Checklist: 11 Tips for Organizing Your Farm Medicine Cabinet

Before spring cleaning really, kicks in, check your farm medicine cabinets. 

  • Expired medications should be disposed of appropriately.
  • Clean out mice nests!
  • Restock bandaging materials.
  • Check to see if you have a working medical thermometer; replace as needed.
  • Restock Banamine paste for colic-prone horses.
  • Restock other medications commonly used in your horses or livestock.
  • Put in plastic baggies, preferably zip-lock, for fecal sample collections.
  • Put your veterinarian contact information in/near your medicine cabinet. Dr. Johnson carries business cards and magnets.
  • Put a notebook and pen in your medicine cabinet for emergency record-keeping.
  • Make sure your critters cannot access the medicine storage on their own!
  • While you’re at it, make sure your critters cannot access your feed storage areas on their own.

Dewormers, bandaging supplies, and prescription medicines can be purchased through CALVS online veterinary pharmacy. Digital thermometers are $5 each direct from Dr. Johnson.

CALVS is owned and operated by Dr. Dianne Johnson. Dr. Johnson graduated from the Virginia-Maryland Regional College of Veterinary Medicine at Virginia Tech in May 2012. Dianne is thankful to be back in Vermont (the other “VT”), where she is close to her family and many friends.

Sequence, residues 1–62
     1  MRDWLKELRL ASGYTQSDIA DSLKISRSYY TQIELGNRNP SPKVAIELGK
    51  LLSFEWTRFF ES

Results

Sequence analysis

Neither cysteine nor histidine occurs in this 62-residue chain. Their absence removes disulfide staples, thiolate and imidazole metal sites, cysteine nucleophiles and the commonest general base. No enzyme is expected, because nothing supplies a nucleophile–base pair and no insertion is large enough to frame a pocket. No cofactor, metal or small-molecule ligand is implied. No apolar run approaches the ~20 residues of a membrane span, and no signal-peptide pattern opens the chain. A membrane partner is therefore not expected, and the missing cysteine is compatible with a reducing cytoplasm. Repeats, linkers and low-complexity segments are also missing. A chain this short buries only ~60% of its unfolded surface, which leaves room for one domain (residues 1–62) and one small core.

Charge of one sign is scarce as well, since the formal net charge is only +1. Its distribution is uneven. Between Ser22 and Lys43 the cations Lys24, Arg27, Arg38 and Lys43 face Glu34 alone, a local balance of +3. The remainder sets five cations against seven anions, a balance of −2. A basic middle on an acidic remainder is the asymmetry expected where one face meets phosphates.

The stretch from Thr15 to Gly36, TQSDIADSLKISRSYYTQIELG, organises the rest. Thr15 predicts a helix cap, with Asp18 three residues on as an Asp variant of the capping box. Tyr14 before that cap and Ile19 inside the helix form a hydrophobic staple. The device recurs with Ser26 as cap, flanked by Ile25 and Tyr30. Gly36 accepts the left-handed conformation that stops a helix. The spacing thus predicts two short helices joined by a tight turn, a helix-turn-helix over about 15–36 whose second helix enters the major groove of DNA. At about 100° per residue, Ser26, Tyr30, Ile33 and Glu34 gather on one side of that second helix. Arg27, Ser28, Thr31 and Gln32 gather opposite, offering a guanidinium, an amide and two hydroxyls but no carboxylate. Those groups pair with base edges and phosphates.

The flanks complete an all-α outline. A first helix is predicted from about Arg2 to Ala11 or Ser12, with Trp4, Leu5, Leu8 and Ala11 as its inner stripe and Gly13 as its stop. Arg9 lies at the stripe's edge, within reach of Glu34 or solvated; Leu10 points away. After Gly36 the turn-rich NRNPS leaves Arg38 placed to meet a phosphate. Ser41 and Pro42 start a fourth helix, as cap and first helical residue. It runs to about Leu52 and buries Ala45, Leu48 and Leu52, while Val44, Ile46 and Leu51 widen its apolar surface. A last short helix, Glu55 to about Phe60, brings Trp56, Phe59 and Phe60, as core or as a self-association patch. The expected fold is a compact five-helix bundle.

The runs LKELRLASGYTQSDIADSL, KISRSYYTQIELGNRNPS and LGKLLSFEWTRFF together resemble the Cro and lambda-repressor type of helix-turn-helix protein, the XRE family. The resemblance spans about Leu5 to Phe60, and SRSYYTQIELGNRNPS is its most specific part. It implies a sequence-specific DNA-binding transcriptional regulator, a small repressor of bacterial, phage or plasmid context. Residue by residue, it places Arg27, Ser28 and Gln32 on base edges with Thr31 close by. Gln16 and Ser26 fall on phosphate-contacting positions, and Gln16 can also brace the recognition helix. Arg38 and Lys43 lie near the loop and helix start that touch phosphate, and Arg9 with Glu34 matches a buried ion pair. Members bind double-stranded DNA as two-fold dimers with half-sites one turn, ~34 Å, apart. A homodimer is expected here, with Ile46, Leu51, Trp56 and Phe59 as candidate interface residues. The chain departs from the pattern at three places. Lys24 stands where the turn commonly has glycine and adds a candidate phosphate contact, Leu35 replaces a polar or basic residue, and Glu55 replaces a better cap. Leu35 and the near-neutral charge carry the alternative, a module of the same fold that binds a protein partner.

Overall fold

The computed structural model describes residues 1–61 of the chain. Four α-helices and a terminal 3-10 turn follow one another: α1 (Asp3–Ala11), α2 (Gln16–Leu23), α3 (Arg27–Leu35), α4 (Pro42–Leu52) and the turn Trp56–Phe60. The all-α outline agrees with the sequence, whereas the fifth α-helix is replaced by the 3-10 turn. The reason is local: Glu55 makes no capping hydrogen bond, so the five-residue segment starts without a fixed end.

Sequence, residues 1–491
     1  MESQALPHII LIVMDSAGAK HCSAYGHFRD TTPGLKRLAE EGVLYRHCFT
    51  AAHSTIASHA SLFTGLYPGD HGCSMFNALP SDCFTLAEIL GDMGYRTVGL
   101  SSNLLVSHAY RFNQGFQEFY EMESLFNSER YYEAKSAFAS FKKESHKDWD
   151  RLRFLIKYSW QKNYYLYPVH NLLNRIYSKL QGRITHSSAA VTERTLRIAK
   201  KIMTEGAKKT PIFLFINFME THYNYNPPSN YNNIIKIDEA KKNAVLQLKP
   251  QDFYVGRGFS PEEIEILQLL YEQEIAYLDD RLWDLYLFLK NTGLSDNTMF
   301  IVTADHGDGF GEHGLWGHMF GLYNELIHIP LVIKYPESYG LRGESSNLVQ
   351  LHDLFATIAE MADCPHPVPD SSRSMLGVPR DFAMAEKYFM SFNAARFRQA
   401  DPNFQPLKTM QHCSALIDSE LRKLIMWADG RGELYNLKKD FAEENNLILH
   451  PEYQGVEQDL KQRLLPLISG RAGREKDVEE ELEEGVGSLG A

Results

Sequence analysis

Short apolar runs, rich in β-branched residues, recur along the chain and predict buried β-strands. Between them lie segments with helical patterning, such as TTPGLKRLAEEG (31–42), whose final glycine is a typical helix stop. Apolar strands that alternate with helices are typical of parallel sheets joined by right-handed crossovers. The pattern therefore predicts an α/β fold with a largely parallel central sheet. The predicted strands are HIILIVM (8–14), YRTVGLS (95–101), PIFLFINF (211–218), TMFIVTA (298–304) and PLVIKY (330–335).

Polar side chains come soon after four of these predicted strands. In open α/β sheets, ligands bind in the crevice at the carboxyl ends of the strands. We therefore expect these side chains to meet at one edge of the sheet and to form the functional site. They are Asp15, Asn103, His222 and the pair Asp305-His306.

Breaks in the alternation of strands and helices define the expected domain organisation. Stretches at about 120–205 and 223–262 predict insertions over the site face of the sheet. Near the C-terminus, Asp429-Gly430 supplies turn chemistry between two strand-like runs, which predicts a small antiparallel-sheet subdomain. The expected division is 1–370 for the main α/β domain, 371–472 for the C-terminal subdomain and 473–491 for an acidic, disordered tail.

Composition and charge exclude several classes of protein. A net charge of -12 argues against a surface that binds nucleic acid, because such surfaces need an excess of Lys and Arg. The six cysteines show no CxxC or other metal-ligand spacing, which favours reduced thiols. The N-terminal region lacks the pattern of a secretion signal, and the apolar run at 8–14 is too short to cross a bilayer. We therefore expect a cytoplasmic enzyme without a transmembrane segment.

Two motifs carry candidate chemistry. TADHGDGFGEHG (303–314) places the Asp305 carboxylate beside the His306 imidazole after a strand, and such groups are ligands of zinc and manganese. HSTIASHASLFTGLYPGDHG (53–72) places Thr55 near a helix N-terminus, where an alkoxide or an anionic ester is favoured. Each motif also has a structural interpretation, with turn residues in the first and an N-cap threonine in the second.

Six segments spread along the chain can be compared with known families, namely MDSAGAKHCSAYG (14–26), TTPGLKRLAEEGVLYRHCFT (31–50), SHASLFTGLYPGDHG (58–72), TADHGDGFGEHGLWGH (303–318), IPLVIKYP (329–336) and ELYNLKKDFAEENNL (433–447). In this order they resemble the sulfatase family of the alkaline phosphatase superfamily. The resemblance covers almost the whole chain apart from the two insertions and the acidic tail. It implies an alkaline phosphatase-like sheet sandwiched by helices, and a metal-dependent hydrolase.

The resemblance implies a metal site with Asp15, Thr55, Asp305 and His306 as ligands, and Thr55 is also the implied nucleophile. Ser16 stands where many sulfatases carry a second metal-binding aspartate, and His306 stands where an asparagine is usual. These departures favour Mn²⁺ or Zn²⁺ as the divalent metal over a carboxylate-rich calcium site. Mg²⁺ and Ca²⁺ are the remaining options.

Prior to establishing CALVS, Dr. Johnson did a 6-month internship at Cross-Border Equine in Springfield, VT. Dr. Johnson enjoys working with cattle, small ruminants, camelids, and horses, and will also work with swine and poultry on an as-needed basis. Dianne is especially interested in sustainable farming, pasture management, and preventative care.

In her spare time, Dianne enjoys reading, walking and hiking with her dog, and crafts.

Prior to studying veterinary medicine, Dianne studied psychology and worked as an outdoor education instructor. She enjoys teaching youth and adults husbandry and veterinary medical skills.

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